You’ve checked out the Windows Scripting Host (WSH) URL (http://www.microsoft.com/msdn/sdk/inetsdk/help/wsn/wobj.htm) and decided to give WSH a try. You download and install it and try to run one of the small sample scripts. To your surprise, you get the error you see in Screen A. You refer back to the documentation and are disappointed to read, "Microsoft Internet Explorer version 3.0 must be installed in order to use Windows Scripting Host. WSH relies on the Visual Basic Script and Java Script engines provided with Microsoft Internet Explorer 3.0."
Unfortunately, your company uses America’s other favorite browser. You’d prefer not to load an additional 20MB browser on every workstation to use a 1.5MB scripting engine.
As it turns out, the problem has nothing to do with JScript and VBScript engines. WSH includes both. The problem is a dependency on urlmon.dll and shlwapi.dll—DLLs that WSH does not include. Urlmon.dll is the OLE 32 Extensions for Win32 DLL that provides support for URL monikers. Shlwapi.dll stands for Shell Lightweight Utility Library, which provides additional URL support.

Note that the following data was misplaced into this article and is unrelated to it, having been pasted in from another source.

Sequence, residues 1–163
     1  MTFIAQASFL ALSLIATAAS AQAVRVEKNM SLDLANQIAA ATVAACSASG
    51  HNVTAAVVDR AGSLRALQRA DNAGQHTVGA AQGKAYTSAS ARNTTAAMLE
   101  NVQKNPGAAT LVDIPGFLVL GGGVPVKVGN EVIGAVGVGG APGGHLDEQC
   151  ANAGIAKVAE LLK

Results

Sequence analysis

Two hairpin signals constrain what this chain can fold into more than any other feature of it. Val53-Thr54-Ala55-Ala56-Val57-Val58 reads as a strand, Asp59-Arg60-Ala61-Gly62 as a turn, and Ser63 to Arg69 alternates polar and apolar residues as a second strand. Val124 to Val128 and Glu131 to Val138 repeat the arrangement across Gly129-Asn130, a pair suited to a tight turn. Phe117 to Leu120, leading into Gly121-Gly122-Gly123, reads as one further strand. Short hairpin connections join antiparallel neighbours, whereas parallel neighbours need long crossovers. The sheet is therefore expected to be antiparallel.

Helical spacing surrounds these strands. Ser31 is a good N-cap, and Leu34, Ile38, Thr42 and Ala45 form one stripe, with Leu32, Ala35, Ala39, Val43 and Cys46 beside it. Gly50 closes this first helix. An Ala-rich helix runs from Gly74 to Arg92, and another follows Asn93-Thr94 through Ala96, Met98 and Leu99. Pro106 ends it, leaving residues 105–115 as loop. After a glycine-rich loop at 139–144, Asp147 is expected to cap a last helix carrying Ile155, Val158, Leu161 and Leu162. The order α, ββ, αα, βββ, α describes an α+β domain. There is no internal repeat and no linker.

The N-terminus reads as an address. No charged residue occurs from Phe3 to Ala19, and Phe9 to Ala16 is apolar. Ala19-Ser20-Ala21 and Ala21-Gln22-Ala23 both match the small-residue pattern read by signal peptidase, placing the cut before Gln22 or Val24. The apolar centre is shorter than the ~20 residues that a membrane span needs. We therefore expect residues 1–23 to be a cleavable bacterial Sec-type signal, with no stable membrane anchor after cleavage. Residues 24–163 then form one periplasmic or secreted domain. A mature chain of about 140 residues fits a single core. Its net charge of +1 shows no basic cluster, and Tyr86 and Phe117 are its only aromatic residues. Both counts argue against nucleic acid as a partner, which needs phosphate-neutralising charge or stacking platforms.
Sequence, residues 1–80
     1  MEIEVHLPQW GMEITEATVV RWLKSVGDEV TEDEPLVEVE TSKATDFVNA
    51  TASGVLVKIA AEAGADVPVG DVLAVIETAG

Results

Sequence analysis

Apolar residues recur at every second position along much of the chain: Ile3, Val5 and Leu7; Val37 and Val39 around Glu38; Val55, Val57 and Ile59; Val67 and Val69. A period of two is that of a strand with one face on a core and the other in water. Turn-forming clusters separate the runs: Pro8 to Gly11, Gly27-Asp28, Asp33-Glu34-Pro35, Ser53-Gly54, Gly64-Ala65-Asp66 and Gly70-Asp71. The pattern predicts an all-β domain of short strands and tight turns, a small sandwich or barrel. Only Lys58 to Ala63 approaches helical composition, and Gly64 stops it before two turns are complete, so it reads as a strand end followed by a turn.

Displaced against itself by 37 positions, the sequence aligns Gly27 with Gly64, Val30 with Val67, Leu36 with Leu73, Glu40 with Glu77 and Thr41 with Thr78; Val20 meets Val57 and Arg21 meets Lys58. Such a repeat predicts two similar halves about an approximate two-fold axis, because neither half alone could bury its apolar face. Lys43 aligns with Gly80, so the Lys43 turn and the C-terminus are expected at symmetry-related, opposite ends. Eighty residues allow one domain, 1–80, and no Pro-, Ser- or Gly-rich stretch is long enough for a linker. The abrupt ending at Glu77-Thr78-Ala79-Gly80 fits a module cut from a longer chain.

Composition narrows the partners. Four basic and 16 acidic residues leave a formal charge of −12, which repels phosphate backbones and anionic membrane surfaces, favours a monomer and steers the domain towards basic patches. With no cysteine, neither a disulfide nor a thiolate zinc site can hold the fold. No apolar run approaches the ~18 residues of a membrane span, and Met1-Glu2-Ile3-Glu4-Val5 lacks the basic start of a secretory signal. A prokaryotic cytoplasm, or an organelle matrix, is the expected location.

Both wscript.exe and cscript.exe are linked to urlmon.dll, which is linked to shlwapi.dll. When you execute either WSH execution host, it attempts to load these two libraries whether or not your script uses URLs. You can verify this scenario on a machine that doesn’t contain Internet Explorer (IE) or Internet Information Server (IIS) if you type cscript.exe or wscript.exe at a command prompt without a script argument. You can also graphically view the dependency tree using the Microsoft Windows NT Server 4.0 Resource Kit Dependency Walker utility.
Microsoft has confirmed this DLL problem is a bug that the company will address. In the meantime, if you want to use WSH, and IE is not an option, you can copy the two DLLs to the %SystemRoot%\system32 directory and restart your machine. Or you can install IE 3.0 or later and then uninstall it, which fails to remove the two shared DLLs.